The Department of Physics and Optical Engineering has provided both science and engineering foundation at Rose-Hulman Institute of Technology through its physics and optics engineering programs. Physics is the foundation subject to all engineering and through the study in engineering physics we aim at blending a strong physics component with relevant engineering backgrounds that are usually necessary to work in areas such as semiconductor, optical technologies, biomedical applications, mechanical, electrical, and civil engineering, and polymer and biochemistry. The students will get their traditional undergraduate engineering education that has a broad foundation in mathematics, engineering sciences and technology. This program emphasizes problem solving skills and an understanding of engineering design to address the needs and challenges of the technology age and allow students to take a broad range of engineering careers.

Engineering Physics at Rose-Hulman will provide students with a unique opportunity to learn the foundation concepts of physics and make a concentrated study in micro and nano technology. Engineering physicist will be able to apply both scientific and engineering approaches to a wide variety of problems which otherwise is not possible with any traditional engineering or science degree. Rose-Hulman's engineering physics graduates will be trained to take up challenging jobs in engineering and development of new technologies or to pursue further studies in engineering or physics.

Mission: To provide a coherent foundation of physics for all majors and a strong foundation of physics, engineering physics and optical engineering for our majors so that all students can acquire education appropriate to their majors. The engineering disciplines of optical engineering and engineering physics enable students to practice in their dynamic and progressive engineering professional careers with responsibility to society.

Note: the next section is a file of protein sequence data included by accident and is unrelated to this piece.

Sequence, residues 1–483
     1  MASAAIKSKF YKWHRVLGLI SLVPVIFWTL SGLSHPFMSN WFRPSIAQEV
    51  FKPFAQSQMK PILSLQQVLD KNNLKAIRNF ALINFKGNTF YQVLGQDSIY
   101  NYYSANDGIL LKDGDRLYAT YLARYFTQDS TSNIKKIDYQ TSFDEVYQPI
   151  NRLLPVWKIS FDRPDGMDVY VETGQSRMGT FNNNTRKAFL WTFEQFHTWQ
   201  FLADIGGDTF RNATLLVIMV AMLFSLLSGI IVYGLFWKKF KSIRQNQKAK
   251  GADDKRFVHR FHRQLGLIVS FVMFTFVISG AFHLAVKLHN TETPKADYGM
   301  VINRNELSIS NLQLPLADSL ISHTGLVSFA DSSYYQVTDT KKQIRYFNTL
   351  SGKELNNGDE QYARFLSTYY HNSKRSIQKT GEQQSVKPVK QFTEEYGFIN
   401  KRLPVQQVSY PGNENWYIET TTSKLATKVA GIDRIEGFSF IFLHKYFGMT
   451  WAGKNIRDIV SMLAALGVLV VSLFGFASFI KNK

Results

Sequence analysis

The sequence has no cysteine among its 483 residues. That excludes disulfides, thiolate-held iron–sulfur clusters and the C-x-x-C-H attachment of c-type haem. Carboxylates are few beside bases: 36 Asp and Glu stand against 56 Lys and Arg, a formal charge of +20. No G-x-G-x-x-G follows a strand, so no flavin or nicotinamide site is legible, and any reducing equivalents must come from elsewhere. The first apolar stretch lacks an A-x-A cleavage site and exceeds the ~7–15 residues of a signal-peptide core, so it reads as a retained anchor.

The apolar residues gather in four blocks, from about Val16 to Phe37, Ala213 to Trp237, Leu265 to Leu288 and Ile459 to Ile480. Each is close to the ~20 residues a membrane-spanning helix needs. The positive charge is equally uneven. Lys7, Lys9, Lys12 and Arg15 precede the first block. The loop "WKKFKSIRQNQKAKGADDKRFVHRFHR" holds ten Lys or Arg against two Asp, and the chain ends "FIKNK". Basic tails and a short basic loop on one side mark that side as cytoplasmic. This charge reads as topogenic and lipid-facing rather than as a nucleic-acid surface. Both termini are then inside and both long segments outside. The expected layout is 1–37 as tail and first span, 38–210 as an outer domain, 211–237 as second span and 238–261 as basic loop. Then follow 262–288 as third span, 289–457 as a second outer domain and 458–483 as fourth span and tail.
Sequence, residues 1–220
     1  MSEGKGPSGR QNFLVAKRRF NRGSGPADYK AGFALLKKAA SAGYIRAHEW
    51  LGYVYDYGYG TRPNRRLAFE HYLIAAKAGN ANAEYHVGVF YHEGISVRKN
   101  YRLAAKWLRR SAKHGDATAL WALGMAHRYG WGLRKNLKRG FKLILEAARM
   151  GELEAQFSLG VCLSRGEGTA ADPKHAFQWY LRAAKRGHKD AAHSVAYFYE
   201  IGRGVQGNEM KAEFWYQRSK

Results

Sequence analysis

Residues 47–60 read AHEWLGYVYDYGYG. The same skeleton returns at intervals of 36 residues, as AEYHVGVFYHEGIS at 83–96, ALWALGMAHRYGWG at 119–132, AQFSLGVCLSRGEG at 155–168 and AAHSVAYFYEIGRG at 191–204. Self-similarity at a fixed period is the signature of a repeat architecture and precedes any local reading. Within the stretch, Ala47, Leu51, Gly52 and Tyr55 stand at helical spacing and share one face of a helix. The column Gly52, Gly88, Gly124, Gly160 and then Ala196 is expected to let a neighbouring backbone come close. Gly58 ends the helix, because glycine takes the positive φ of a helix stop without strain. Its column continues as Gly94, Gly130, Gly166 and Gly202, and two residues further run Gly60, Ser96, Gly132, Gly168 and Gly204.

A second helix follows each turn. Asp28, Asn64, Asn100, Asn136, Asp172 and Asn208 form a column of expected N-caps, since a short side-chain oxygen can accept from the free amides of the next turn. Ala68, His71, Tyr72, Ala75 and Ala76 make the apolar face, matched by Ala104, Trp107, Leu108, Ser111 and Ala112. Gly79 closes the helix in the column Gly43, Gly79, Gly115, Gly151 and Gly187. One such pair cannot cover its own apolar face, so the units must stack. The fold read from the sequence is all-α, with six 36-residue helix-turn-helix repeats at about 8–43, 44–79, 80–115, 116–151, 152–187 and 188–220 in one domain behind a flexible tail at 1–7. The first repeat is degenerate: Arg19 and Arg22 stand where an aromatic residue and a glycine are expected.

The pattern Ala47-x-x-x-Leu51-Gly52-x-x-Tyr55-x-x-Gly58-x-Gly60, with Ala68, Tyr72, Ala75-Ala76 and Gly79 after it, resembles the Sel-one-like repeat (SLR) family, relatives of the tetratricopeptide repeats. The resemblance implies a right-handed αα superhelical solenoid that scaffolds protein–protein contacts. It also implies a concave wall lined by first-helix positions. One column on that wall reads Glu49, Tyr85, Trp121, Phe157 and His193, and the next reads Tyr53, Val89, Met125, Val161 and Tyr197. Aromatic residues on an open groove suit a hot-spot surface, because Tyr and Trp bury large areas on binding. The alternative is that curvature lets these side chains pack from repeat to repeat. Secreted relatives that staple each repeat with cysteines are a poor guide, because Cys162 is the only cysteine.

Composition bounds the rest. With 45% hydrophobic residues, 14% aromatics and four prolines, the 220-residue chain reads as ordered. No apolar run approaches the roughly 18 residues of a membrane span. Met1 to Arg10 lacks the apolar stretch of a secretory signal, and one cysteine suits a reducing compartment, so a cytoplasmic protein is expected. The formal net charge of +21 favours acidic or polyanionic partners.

Vision: To cultivate in the students responsibility, independence, and knowledge that allows them to be fully engaged in all disciplines, to continuously improve the curriculum, and  to be engaged in professional development.

Engineering Physics Program Educational Objectives and Outcomes:

In concurrence with the mission statement of the department the objective of the engineering physics program will produce graduate who will, 5 years after graduation, exhibit the following characteristic traits as a practicing engineer.

All engineering physics students will be prepared for initial employment, graduate school, or volunteer service and will meet the following objectives.

They will:

  1. Exhibit strong skills in problem solving, leadership, teamwork, and communication.
  2. Use these skills to contribute to their community and globally.